Tag Archives: naming eve

Genesis 2:4-25 – Part 5 – With Woman Paradise Is Now Complete


Moses’ intent is to show us “man’s creation ‘in God’s image’ entailed a ‘partnership’ with his wife. The ‘likeness’ which the man and the woman share with God in chapter 1 finds an analogy in the ‘likeness’ between the man and his wife in chapter 2” – John Sailhamer.

  • These types of parallels are not accidents.


How does the creation of woman in Genesis 2 relate to Genesis 1?

  • “Genesis 1:27 simply informed us that when God created two earth creatures who would be his image bearers he created one earthling that was male and another earthling that was female. The verse said nothing about how he created them or when he created them (simultaneously or sequentially) – Victor Hamilton.
  • So most believe that our text today gives more detail about the creation of man and woman.
  • More on this in a moment.



Verse 18:

Genesis 2:18 (ESV) — 18 Then the Lord God said, “It is not good that the man should be alone; I will make him a helper fit for him.”


This verse is rather startling.

  • As we know, Genesis 1 repeatedly states creation is “good” and ends with creation being “very good”.
  • And out of nowhere we are confronted with the statement that something “it is not good”.
  • What are we to make of this?


Not Good:

We saw in Genesis 1 that declaring that creation was “good” and “very good” could mean a number of things:

  • Wenham says it referred to the “perfection of the final work”.
  • Sailhamer says, “That which is ‘good’ in Genesis 1 is that which will benefit the man and woman”.
    • Specifically, the readying of Eden/Promise Land for mankind.
  • On Walton’s functional approach he says that “good”, “has nothing to do with moral perfection or quality of workmanship” – John Walton.
    • He says “good” means “the functional readiness [order, purpose, function] of the cosmos for human beings”.


So from these views we can speculate about why “not good” would make its appearance.


(1) We need to be reminded of the following:

  • Our guys don’t think, generally, that Genesis 2 is Day Six.
  • However, for those that see Day 6 as specifically Adam and Eve, they do see vss. 18-25 as additional info about the creation of man and woman on Day 6.
  • This would mean, then, that this statement was God’s commentary immediately after creating man on Day Six.


(2) Therefore, the statement “not good” likely means:

  • Wenham – perfection of mankind is not yet attained without woman.
  • Sailhamer – the preparation of the Promised Land was always for man and woman, so without woman the preparations were not fully inhabited.
  • Walton – mankind can’t function as intended (fruitful and multiply and have dominion) without woman.


BTW – This significant focus on the necessity of woman for perfection, preparation, or function is not found in any other ANE creation story – it is unique to the Israelites.

  • This feature alone significantly highlights the importance and necessity of women.



Verses 19-20:

Genesis 2:19–20 (ESV) — 19 Now out of the ground the Lord God had formed every beast of the field and every bird of the heavens and brought them to the man to see what he would call them. And whatever the man called every living creature, that was its name. 20 The man gave names to all livestock and to the birds of the heavens and to every beast of the field. But for Adam there was not found a helper fit for him.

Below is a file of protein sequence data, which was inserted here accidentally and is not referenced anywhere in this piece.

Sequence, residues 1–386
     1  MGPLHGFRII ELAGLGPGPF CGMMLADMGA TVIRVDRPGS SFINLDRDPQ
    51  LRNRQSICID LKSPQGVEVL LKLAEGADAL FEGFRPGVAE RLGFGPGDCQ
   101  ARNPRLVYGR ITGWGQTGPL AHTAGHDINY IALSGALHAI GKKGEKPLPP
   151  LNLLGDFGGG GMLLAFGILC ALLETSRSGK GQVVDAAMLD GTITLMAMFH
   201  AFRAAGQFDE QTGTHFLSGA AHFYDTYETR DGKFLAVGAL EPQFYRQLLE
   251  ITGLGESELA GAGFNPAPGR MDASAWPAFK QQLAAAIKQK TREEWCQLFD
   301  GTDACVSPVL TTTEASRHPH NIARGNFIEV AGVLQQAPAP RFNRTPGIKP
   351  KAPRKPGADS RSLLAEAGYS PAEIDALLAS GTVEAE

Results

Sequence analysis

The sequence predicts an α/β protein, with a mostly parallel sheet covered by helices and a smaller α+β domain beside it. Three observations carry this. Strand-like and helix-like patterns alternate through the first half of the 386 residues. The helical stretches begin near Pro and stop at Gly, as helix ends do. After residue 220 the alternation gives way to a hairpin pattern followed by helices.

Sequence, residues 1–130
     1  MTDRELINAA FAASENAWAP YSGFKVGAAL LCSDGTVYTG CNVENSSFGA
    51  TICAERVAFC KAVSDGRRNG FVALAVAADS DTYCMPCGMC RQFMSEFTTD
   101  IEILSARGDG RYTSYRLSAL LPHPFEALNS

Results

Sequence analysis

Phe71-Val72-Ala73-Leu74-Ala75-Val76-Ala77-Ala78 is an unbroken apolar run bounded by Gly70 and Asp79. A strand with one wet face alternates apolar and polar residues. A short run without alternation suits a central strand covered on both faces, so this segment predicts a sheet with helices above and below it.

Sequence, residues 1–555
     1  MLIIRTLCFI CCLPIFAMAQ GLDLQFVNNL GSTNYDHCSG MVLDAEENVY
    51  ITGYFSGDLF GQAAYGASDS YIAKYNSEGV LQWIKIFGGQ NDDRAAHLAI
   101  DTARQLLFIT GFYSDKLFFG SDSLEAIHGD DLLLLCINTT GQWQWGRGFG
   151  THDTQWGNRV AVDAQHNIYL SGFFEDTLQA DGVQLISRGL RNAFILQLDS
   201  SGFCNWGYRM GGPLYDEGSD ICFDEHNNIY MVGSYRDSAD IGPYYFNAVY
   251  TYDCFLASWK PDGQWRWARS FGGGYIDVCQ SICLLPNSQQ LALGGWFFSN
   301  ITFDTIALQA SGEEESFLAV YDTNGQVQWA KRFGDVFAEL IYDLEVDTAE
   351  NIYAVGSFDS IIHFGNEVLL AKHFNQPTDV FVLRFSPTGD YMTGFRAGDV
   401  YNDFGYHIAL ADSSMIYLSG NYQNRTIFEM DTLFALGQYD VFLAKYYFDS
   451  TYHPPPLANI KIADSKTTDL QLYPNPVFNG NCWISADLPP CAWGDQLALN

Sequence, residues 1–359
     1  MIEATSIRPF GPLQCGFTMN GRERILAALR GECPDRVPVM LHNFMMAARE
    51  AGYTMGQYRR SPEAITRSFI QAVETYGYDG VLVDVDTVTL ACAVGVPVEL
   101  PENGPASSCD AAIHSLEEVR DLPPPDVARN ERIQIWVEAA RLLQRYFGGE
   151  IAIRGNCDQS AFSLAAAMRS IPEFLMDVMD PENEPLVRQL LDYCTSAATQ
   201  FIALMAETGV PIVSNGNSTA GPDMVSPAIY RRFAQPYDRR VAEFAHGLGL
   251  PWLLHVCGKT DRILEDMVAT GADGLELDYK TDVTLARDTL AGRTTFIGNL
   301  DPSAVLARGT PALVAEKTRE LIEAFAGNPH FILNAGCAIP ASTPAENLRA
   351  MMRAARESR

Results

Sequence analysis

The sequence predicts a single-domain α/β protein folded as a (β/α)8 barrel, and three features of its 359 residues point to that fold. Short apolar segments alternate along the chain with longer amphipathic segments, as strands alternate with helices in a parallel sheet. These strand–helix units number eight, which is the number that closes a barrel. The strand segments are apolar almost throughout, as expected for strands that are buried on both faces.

Here we have the odd appearance of an animal parade.

  • This parade of animals was either a special creation of animals, or was referring to previously created animals that were brought before Adam.
  • The pluperfect tense can be correctly translated “had formed” as in already formed in the ESV, for example.
  • And folks like Hamilton and Sailhamer say, “it refers to the creation of a special group of animals brought before Adam for naming” – Victor Hamilton.


The real question is why would God admit that man alone is “not good” and then respond by commencing the animal parade?

  • It seems a bit out of place.


Most are in agreement here.

  • Sailhamer puts this agreement as follows:

“The author saw the man’s naming the animals as a search for a suitable partner. In recounting that no suitable partner was found, the author has assured the reader that man was not like the other creatures” – John Sailhamer.


The animal parade thus raises the tension around the fact that man is lacking without woman.

  • Man himself is “not good” without woman.


Animal Naming:

Some suggest that the “naming” here is more significant than “robin”, “jack rabbit”, “coyote”, etc.

  • Adam is noting the different “kinds” or categories.
  • And, significantly, “kinds” or categories different from his kind.


In fact, the suggestion is that this is how these verses make the best sense.

  • Adam noted that none of the animals brought to him were “fit for him”.
  • This is not because they had different names, but because they were different kinds.
  • None were mankind.


Mathews puts it this way:

  • “The creatures are named within three broad categories: domesticated ‘livestock,’ ‘birds,’ and ‘beasts of the field’ (cf. 3:1). By this the man could observe that there was none among the creatures who matched him in kind” – Kenneth Mathews.
  • And…

“The fact that the man is expressing his rule over the animal world in the search for an appropriate helper caused him to realize his inadequacy to the task if he continues in the impotent condition of ‘alone.’ In this way God is preparing the man to value his mate” – Mathews.



Verses 21-22: